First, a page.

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Old 08-29-2020, 10:39 AM   #5
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Default Re: His Purpose - Christ in us

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Originally Posted by Sons to Glory! View Post
This morning I had a particularly good time in the word with song and prayer, and enjoyed His presence, encouragement and joy in me. These words came to me and I thought to share. It is a simple, one sentence statement of God's purpose and I hope this blesses you.

"God loved us so much that while we were enemies He came and died to rescue us
and put the Spirit of His Son into us to transform us into His image."
Thank you Sons to Glory! This encourages me to seek God's presence more.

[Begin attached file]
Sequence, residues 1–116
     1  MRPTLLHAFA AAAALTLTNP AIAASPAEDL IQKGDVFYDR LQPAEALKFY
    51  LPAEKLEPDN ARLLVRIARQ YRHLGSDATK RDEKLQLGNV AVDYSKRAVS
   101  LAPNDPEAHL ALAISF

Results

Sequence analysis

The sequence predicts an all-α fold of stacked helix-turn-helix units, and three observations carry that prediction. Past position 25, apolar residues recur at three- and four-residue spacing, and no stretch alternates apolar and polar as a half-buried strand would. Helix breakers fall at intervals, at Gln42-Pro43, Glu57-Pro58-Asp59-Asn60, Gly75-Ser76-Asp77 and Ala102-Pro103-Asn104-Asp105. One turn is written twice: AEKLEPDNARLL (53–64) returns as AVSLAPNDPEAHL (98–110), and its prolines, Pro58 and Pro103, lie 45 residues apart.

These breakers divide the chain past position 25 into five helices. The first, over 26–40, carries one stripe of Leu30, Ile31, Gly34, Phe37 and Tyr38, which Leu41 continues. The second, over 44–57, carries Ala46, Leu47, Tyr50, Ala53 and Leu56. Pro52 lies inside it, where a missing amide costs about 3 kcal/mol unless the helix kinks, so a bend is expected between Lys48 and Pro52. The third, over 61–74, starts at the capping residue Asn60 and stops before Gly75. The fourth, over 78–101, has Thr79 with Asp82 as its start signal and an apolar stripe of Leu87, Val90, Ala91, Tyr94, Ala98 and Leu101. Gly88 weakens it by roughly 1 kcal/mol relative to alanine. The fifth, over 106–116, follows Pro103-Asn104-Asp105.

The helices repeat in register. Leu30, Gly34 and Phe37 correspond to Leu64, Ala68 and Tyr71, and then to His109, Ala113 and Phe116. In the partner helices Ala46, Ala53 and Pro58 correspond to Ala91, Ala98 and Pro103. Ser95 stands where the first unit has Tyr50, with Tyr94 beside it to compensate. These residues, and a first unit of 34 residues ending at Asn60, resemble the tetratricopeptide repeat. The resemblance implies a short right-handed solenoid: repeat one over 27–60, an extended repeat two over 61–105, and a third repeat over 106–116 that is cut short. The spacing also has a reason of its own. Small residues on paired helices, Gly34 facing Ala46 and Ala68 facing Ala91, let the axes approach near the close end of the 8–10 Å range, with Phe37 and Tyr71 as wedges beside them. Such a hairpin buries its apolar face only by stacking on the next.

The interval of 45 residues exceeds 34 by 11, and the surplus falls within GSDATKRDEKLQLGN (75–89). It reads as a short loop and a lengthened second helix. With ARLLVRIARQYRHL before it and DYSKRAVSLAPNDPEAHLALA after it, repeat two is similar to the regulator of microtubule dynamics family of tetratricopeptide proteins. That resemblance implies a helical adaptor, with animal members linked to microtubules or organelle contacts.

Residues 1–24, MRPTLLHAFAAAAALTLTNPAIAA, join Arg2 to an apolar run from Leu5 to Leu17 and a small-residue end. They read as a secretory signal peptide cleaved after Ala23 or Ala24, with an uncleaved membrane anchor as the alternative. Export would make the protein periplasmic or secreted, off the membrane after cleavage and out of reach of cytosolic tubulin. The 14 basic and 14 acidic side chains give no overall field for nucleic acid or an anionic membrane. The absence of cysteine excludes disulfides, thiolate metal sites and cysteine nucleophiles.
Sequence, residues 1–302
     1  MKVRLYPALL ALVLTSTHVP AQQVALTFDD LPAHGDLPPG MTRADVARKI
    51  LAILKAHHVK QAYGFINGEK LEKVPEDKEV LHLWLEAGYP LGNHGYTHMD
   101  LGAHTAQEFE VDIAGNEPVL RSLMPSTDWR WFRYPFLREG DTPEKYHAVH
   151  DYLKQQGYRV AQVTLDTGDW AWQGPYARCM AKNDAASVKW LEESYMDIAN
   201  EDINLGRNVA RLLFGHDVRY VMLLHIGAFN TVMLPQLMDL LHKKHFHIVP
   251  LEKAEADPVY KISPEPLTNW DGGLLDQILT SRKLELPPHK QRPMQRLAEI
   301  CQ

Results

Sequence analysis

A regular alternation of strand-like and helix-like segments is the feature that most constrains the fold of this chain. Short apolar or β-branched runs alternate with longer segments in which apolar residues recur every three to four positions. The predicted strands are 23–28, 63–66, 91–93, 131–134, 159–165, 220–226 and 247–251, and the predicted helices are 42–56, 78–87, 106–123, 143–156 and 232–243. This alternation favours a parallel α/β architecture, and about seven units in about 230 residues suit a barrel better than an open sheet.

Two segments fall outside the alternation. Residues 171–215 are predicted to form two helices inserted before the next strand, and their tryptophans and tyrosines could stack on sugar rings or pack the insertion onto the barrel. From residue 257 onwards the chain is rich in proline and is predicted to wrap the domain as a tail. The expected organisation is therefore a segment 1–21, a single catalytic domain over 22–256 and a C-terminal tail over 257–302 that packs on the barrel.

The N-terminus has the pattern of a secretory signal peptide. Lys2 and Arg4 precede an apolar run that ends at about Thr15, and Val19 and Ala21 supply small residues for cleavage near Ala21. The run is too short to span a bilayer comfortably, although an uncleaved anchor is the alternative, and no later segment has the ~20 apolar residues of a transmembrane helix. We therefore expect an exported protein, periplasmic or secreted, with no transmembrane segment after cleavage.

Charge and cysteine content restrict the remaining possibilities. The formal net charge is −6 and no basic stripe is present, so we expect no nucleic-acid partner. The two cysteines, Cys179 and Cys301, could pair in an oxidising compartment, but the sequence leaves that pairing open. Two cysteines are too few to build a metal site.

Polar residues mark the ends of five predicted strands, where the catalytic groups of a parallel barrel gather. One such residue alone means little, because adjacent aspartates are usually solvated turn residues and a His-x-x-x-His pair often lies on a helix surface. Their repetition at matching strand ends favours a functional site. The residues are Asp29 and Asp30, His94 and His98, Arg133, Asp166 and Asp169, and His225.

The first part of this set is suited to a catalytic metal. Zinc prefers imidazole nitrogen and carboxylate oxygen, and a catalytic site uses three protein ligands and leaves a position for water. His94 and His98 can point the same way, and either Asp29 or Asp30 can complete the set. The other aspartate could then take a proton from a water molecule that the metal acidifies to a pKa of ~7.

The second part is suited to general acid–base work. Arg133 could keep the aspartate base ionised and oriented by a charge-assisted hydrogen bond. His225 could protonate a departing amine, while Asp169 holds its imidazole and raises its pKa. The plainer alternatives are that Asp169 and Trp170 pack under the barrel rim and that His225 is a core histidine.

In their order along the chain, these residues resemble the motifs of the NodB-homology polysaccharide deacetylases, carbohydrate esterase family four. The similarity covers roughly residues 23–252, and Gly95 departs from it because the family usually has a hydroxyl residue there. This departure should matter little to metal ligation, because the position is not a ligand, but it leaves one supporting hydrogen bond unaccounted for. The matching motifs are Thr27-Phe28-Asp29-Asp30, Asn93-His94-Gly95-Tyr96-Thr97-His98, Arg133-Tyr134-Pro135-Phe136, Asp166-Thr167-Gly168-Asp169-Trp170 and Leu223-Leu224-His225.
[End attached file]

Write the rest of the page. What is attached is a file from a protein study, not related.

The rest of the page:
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Old 08-29-2020, 11:07 AM   #6
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"What is the perfect church?

It is a forgiving church. It is a long-suffering church. It is an enduring, patient and caring church that is receiving all the failing, sinful, ungodly people who have Christ in them. There is forgiveness up to seventy times seven. And there is love and there is mercy."
I love this. It is much more in line with our Lord's definition of "Be ye perfect as My Father." (Mt 5.48)

The definition of a "perfect" church has to accommodate lots of imperfection.
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Old 08-31-2020, 09:55 AM   #7
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I love this. It is much more in line with our Lord's definition of "Be ye perfect as My Father." (Mt 5.48)

The definition of a "perfect" church has to accommodate lots of imperfection.
Amen! In that section of Matthew 5, being perfect is in the context of loving others. Love is the foundation of it all, and how the Lord said we will be known as being His.

Whenever I stray very far from the truth of His love as being the reason for all of it, He gently reminds me and brings me back! If only all of us would walk in this wonderful reality all the time. . . .